An Appeal to Google: Make “.io” a gccTLD

Update: Google has added “.io” to the list of gccTLDs – thanks Google for the very quick response!

I will preface this by saying I am not an SEO expert – I am going off of a night’s worth of research on geo targeting in SEO.

When we decided to go with the name Clay.io, we weren’t thinking too much about SEO. It turns out it has had somewhat of an effect as “.io” domains are still considered ccTLDs (Country Code Top Level Domains) by Google, rather than gccTLDs (Generic Country Code Top Level Domains).

The Problem

It would appear “.io” specifically targets the British Indian Ocean Territory (a series of islands in the Indian Ocean with a whopping population of 3,000) – much like .co.uk would target the United Kingdom. “If no information is entered in Webmaster Tools, we’ll rely largely on the site’s country domain”. (source)

Google doesn’t do this for all TLDs however:

Generic top-level domains (gTLDs) don’t target specific countries. If your site has a generic top-level domain, such as .com, .org, or any of the domains listed below, and targets users in a particular geographic location, you can provide us with information that will help us determine how your site appears in our search results. (source)

When it mentions “any of the domains listed below” it includes gccTLDs, an acronym Google seems to have coined.

Current gccTLDs

These are the current gccTLDs that are treated as generic domains.

.as   .bz   .cc   .cd   .co   .dj   .fm   .la   .me   .ms   .nu   .sc   .sr   .tv   .tk   .ws   (source)

I’d argue “.io” in 2013 is more popular than at least 10 of those, so it would seem the list is simply outdated and someone at Google just needs this as a reminder to update it.

Does Google Even Control This?

They appear to have coined the gccTLD acronym, and that list of domains above is only reference by Google, so it would appear so.

How Much Does It Matter?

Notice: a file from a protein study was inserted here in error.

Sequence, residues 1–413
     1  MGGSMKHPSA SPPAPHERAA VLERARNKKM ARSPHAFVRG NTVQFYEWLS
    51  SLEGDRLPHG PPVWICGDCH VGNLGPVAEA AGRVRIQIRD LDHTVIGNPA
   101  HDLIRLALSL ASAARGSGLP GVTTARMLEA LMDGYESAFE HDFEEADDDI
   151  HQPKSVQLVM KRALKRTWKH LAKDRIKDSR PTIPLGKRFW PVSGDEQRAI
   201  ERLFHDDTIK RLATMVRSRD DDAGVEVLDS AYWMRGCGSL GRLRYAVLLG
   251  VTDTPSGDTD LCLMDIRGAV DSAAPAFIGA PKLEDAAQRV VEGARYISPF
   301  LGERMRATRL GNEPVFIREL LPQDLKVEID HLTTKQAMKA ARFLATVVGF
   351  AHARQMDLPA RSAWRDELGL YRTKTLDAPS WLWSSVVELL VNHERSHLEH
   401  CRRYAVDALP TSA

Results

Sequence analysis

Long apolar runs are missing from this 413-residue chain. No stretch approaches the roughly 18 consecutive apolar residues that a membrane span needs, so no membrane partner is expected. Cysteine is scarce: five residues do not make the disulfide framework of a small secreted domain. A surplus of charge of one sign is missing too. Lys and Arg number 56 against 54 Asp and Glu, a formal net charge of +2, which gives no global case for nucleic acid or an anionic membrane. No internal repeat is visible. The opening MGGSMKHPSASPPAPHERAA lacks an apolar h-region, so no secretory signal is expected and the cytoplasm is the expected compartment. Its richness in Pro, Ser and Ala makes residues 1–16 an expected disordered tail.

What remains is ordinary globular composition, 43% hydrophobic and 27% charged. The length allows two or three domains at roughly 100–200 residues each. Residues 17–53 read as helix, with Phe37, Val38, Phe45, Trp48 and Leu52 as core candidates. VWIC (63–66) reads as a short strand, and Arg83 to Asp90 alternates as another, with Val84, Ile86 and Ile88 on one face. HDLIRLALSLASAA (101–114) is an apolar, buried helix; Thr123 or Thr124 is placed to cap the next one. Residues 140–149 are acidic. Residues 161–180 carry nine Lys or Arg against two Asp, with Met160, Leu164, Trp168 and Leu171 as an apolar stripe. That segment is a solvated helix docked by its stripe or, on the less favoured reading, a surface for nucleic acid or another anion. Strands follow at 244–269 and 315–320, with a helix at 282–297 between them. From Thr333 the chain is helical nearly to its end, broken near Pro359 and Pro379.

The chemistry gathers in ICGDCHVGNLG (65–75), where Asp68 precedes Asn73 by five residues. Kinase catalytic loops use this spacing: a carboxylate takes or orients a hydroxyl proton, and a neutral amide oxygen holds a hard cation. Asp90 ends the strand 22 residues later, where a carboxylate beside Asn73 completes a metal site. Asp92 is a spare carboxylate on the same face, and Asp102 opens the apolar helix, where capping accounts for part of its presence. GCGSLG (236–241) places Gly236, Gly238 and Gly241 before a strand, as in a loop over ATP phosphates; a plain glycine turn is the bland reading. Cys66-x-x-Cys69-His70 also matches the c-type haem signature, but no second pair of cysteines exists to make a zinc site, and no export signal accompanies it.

It’s hard to say because it’s a difficult thing to test. The information I found on the issue ended up contradicting itself, mostly because Google keeps their ranking algorithms a secret, so the “SEO experts” speculate a whole bunch (which I suppose I’m doing as well). The easiest way to prove it matters is simply the fact that gccTLDs exist. Google decided to create a subcategory of ccTLDs for domains that tend to be generic (global).

Even if ccTLDs and gccTLDs were treated exactly the same in terms of ranking, Google does not take into account the Geographic target set in Webmaster Tools. Own a “.io” domain and want to target towards US searchers? It doesn’t work.

I wanted to come up with a good concrete example of the effect, but that’s difficult to do. The reason this all came about is I was a bit perplexed when Socket.IO didn’t show up on the first page of Google search results for “WebSockets”. I think it’s safe to say most developers who use WebSockets associate the term with Socket.IO since it provides easy integration, and some helpful fallbacks. Despite that, it is 19th in the results for “WebSockets”. Again, since I don’t know all the factors, I have no idea how much that would differ if “.io” was a gccTLD – but it appears to have an effect.

Companies Using “.io”

GitHub*, Filepicker, Codepen, Socket.IO (LearnBoost), Sencha*, Pen.io, Redis, Forecast, Intercom, Put.io, Customer.io, Trigger.io, Keen.io, Filecloud, and many more.

The TLD has become common for development related sites, initially because it’s an acronym for Input/Output, but more recently the popularity is probably due to herd behavior. Unlike .tk domains which are free (and actually gccTLDs), .io domains cost anywhere from $50 to $100 per year, so that filters out the junk pretty well.

Take Action

If you know someone who might be able to help with this at Google, I would appreciate it, and I’m sure the founders of other “.io” companies (Filecloud.io, Filepicker.io, Codepen.io, Forecast.io, Intercom.io, etc…) would too.

Another to take action would be to make this appeal more visible to others – tweet, vote up on Hacker News, Reddit, etc…

One final way to possibly draw attention to this would be to rate this Google article as “Not helpful at all”, perhaps that will flag it for Google’s attention.

Thank you!

 

  • yeah

    serves you fucking right for not using .com

    • ikt123

      Yeah, I know personally that GitHub*, Filepicker, Codepen, Socket.IO (LearnBoost), Sencha*, Pen.io, Redis, Forecast, Intercom, Put.io, Customer.io, Trigger.io, Keen.io, Filecloud, and many more are ALL suffering from using .io.

      Serves them right! You sure showed them!